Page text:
How Does David Gilmour Feel About Singing Roger Waters’ Songs
Looking at the history of rock music, it is evident that internal conflicts, disagreements, and differences are inevitable when a group of people comes together for a band. Problems like individual creative directions, different priorities, clash of egos, or other personal issues are all common that band members face throughout their careers.
Sometimes they accept these differences and try to go on their way anyhow, but it also results in a permanent split in some cases. Unfortunately, the famous conflict between Pink Floyd’s David Gilmour and Roger Waters ended up with the latter’s departure from the band. The vicious feud between them doesn’t seem to resolve soon, which profoundly saddens millions of Pink Floyd fans.
Why Did Roger Waters Leave Pink Floyd?
The tensions within the band escalated, especially during the making process of their 1983 album, ‘The Final Cut.’ Roger Waters wrote all the lyrics and music for the album, but David Gilmour asked him for more time to write new material, which was rejected by Waters. It was probably the final straw, but the conflict between them had already manifested itself much earlier.
Consequently, these long-term creative differences led Roger Waters to part ways with the band in 1985. Later on, he even began a legal battle over the band’s name and material. The two sides reached an agreement in 1987 and went their ways. Waters is regarded as the creative genius behind Pink Floyd by many as he wrote most of the material. After his departure, David Gilmour sang Waters’ songs and once opened up about it.
What Did David Gilmour Say About Singing Songs Written By Roger Waters?
David Gilmour gave an interview in 2006, in which he reflected on the making process of the band’s third live album, ‘Pulse,’ released on May 29, 1995. The album is based on the European leg of the band’s ‘Division Bell Tour’ in 1994. Actually, they had no intention of recording a live album, but performing ‘The Dark Side of the Moon’ completely changed their mind and convinced them to make a live album.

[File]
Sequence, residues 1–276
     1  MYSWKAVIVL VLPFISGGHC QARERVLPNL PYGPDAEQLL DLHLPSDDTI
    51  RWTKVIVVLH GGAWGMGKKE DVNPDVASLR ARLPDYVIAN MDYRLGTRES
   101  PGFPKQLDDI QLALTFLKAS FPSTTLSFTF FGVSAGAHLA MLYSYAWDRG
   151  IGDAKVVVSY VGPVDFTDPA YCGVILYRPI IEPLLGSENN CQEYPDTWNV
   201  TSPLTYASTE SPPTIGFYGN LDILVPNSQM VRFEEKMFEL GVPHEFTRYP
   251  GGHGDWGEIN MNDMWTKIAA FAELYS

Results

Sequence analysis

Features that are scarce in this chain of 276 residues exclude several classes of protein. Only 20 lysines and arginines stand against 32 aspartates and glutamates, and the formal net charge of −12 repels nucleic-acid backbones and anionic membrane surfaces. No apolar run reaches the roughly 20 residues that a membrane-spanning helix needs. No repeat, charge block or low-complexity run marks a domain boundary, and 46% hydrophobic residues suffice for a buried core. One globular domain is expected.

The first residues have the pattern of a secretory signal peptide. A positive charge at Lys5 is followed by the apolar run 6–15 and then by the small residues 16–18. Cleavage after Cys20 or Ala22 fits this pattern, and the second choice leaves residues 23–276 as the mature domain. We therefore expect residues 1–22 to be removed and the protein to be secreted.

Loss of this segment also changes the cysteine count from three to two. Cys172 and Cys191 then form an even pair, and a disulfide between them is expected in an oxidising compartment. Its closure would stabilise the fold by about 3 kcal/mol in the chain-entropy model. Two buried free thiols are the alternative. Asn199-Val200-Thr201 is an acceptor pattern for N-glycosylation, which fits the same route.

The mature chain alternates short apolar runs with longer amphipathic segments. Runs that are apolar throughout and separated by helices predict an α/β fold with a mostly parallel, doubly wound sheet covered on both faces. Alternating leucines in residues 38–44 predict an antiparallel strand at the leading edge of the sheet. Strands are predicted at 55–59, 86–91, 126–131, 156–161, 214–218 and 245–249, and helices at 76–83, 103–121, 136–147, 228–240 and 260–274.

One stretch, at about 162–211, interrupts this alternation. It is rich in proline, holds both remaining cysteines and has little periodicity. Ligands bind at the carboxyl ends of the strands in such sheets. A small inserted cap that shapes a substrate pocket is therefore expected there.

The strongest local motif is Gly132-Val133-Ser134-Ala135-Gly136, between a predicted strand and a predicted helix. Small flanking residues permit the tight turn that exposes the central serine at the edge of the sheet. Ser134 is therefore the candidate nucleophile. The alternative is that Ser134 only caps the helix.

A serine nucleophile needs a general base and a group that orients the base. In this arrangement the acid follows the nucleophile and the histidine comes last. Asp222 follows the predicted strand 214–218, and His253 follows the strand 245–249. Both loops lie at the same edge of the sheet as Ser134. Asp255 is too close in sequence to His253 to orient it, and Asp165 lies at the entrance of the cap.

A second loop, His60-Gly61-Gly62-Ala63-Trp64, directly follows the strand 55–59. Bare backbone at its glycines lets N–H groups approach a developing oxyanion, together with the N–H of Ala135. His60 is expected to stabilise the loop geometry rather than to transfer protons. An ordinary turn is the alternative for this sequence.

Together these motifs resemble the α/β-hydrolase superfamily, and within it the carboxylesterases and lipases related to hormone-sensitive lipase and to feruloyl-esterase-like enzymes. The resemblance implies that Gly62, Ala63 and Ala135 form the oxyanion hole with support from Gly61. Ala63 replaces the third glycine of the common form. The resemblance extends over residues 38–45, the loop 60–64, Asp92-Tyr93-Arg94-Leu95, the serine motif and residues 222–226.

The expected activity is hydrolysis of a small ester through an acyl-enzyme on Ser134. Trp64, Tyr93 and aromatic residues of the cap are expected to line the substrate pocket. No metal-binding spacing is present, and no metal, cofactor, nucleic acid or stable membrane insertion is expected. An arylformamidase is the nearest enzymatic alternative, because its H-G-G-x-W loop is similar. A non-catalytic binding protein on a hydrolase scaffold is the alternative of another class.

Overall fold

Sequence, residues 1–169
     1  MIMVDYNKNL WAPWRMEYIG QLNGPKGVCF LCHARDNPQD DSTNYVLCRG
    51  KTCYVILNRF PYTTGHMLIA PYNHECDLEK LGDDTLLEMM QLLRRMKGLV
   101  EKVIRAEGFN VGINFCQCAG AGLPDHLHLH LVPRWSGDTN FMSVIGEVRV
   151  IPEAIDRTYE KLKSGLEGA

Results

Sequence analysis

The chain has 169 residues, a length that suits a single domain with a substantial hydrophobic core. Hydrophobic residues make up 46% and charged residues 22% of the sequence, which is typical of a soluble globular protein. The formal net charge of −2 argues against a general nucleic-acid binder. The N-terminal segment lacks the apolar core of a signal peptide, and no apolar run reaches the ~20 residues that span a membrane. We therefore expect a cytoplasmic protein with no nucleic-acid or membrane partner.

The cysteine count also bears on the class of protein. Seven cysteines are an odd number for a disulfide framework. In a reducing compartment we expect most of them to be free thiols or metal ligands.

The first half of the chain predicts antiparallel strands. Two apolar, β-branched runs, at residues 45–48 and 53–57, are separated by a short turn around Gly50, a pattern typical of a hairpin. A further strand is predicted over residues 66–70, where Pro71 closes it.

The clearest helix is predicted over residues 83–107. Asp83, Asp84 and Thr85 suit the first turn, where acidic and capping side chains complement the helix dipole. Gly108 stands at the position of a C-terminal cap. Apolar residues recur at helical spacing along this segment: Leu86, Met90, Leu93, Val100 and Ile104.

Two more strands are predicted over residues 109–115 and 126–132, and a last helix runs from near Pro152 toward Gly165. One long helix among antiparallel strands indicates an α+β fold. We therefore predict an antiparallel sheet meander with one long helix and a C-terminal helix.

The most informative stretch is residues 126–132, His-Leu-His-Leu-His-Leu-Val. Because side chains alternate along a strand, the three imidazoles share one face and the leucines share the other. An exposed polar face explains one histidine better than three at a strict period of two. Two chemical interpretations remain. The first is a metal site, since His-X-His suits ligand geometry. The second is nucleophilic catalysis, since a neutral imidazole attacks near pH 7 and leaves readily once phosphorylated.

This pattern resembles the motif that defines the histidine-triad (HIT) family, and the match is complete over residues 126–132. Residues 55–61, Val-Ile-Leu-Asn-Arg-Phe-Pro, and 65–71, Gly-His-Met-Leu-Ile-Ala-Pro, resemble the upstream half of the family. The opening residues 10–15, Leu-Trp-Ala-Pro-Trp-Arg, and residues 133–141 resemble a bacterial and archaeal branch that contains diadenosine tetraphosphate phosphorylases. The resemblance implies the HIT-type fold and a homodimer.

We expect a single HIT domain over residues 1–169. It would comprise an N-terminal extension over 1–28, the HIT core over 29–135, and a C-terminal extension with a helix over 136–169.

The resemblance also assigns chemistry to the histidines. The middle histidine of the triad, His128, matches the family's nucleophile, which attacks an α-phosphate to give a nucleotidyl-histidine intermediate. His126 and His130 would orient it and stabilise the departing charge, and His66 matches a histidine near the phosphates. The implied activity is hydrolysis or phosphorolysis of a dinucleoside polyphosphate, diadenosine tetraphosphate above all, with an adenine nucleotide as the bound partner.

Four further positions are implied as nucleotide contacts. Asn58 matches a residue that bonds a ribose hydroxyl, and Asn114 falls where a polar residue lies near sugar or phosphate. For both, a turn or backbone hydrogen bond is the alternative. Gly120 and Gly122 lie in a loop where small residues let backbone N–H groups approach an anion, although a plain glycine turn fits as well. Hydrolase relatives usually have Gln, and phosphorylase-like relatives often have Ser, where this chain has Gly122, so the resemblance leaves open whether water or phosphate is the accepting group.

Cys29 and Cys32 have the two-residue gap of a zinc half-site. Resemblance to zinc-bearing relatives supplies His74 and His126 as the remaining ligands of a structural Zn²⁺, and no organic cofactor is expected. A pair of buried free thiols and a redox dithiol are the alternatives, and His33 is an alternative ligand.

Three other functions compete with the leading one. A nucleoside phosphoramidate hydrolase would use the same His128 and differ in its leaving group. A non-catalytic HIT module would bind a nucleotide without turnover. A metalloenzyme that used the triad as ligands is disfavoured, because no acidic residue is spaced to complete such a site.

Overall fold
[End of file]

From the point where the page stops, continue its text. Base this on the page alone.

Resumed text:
During the interview, Gilmour was asked whether he felt comfortable singing Roger Waters’s songs. He replied by saying that he felt comfortable and asked the interviewer why he asked such a question. Then, the interviewer reminded him of the feud between him and Waters and said that he might feel uncomfortable due to all these conflicts they experienced.
The Pink Floyd icon explained that there were just three Roger Waters songs on the record, and he sang just the two. He stressed that most of the material on the album was written by the rest of the band, so there was no reason for him to feel uncomfortable. He still credited Waters for writing some of the songs but highlighted that it is a Pink Floyd record at the end, so he and the other band members all felt comfortable while performing.
The interviewer asked:
“Did you feel comfortable with those songs?”
David Gilmour replied:
“Yes, I absolutely felt comfortable doing them. Why do you ask?”
Again, the interviewer said:
“Partially because obviously in the actual video you generously give tribute for writing songs, and there is an assumption that you may be uncomfortable singing Roger’s songs.”
Gilmour’s reply follows:
“There are three songs of Rogers’ that are exclusively Roger songs on that record. I think there are two songs that he sang originally. So I’ve never felt remotely uncomfortable singing the songs that I sang in the first place. Of course, a lot of the music was written by the rest of us. So I think it was correct to give him his due credit for writing the words, but it is a Pink Floyd record, and we all felt pretty comfortable with doing it.”
You can watch the full interview below.